A Most Unusual Demise
Today I am delighted to have the blurb and a short excerpt (thanks to Love Books Group and Katherine Black) for you to whet your appetite on A Most Unusual Demise. An intriguing, humorous cosy crime book, available to buy and borrow now.
A well-read old dear has an unhealthy interest in murder in this sharp, witty and refreshingly original cozy crime novel.
Retired librarian and bookshop owner May Morrigan lives in the affluent village of Blackheath with Fletcher, her best friend since they met decades ago, and May’s two dogs. What could be more normal? But May is not your average little old lady . . .
After an unpleasant church volunteer and an annoying local butcher meet their untimely ends, Fletcher and May team up to do some sleuthing. Soon, the elderly pair start working with a young journalist to investigate the case of a missing girl and its possible link to previous unsolved crimes. May finds this new project quite intriguing. She’s never met a murderer before—and now she just may get the chance, if they play their cards right . . .
Bundled up against the cold, May Morrigan stepped out onto Blackheath. The wind whipped
across the open space, ruffling her cap of white hair. She took a deep, cleansing breath. The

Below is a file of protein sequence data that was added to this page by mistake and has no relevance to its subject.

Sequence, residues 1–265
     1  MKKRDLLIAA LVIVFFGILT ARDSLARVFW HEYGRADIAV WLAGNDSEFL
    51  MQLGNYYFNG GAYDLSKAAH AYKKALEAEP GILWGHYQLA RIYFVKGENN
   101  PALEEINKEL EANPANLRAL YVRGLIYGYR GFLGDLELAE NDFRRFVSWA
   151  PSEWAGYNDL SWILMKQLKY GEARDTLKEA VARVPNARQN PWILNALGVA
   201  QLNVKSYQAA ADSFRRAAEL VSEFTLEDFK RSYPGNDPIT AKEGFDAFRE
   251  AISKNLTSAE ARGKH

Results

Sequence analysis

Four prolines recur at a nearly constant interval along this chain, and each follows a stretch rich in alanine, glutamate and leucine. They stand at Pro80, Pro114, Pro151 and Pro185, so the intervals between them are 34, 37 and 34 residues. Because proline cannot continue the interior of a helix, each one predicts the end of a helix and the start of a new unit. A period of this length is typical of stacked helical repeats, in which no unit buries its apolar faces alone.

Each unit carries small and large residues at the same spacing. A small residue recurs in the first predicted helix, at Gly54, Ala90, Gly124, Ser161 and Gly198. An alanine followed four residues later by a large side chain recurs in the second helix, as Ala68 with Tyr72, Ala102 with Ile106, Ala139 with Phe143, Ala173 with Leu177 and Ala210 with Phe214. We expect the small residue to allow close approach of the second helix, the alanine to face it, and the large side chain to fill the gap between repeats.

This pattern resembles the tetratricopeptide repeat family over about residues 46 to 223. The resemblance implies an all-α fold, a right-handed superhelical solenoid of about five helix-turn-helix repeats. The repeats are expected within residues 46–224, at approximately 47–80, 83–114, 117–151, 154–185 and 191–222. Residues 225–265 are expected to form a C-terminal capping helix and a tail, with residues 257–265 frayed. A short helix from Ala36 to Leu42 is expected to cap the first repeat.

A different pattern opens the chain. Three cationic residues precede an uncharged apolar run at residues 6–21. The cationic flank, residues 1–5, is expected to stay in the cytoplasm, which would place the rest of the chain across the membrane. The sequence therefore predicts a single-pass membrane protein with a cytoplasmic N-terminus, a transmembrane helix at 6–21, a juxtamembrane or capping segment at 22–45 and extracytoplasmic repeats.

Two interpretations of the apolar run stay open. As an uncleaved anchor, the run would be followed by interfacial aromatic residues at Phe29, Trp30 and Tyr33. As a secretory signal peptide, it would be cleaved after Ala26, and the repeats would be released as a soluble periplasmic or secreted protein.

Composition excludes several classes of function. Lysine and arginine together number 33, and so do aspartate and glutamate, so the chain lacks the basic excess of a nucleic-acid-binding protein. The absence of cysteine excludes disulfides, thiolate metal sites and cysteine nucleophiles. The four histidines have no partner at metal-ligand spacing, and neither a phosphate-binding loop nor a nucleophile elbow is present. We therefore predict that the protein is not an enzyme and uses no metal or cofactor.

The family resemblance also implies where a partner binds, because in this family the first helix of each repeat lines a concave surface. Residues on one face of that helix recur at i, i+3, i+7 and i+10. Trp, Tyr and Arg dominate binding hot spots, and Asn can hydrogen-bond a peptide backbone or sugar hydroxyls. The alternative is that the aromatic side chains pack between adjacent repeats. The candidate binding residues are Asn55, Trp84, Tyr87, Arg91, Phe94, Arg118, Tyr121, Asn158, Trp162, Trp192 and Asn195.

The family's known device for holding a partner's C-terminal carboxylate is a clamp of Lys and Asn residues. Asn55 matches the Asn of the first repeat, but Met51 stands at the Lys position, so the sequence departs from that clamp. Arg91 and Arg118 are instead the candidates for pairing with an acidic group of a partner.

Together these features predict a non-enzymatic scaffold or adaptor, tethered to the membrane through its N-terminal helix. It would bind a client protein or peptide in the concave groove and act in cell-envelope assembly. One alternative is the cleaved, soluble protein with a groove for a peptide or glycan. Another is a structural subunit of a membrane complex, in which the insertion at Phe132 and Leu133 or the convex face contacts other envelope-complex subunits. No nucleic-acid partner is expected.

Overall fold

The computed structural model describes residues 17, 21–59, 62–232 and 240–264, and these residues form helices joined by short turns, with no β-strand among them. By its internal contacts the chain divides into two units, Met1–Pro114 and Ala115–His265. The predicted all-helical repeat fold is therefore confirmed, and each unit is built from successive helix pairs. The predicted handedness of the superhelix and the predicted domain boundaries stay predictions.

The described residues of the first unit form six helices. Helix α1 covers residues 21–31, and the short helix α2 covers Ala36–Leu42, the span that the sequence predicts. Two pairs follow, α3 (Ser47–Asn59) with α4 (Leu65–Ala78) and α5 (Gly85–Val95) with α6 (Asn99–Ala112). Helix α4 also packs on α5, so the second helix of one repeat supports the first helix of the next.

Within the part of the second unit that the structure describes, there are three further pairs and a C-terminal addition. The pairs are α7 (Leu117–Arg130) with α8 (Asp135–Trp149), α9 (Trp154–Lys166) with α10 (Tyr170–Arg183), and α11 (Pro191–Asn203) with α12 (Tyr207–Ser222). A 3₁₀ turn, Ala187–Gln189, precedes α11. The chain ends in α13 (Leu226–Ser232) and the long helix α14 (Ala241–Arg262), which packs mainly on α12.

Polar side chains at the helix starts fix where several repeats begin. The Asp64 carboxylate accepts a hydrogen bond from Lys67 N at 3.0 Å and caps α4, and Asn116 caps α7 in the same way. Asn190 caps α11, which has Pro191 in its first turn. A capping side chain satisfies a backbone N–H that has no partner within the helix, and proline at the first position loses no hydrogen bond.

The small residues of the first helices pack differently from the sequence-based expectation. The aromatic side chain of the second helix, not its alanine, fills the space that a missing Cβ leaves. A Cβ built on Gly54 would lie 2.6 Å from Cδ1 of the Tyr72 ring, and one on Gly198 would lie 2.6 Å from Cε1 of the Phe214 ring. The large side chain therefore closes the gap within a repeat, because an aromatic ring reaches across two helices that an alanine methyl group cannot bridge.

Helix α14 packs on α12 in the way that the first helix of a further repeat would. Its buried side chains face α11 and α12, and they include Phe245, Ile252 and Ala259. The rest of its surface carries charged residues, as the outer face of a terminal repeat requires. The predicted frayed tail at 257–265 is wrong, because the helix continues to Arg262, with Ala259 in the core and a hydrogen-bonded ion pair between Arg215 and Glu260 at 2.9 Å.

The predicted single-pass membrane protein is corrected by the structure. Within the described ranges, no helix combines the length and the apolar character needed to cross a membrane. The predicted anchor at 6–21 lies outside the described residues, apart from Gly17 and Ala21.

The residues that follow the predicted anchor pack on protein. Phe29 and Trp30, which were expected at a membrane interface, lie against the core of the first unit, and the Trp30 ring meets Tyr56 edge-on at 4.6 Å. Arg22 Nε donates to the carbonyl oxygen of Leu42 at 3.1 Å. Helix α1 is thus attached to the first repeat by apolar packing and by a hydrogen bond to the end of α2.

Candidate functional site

day was beautiful, frosty but bright. Once out on the heath, she raised her face to the blue
sky and allowed the gusts to blow away the cobwebs. She imagined them unspooling behind
her in long, silvery threads. With one arm hooked through the handle of her trusty Kelly
handbag, she set off towards the bookshop.
May had spent most of her life in Blackheath. As she crossed the heath and entered the
village, she nodded hello to familiar faces. A teacher from St Julian’s primary school stopped
to ask if May would be donating to the book drive again. Yes, of course she would. Jean
Drysdale was walking her dog, Tarquin. She waved and thanked May for the flowers sent to
Jean’s daughter, who had just had her first baby. Always a pleasure.
Betty Danvers, coming out of the bakery, asked if May would be at the church’s Epiphany
planning meeting that afternoon. As the two women paused to chat, Harriet Nibley pushed
past them in a huff, causing May to grasp the door frame for support. A spasm of sciatic pain
shot from hip to ankle. She turned to watch Harriet stalk up to the counter.
Yes, May would be at the meeting.
The bookshop was in darkness when she arrived, though it was a quarter past the official
opening. She wasn’t surprised. It was only the second day of January, and Bastian was
probably still recovering from New Year’s Eve. She collected the newspapers waiting on the
step, rummaged through her bag for the keys and opened the door. The bell overhead
jingled out her arrival.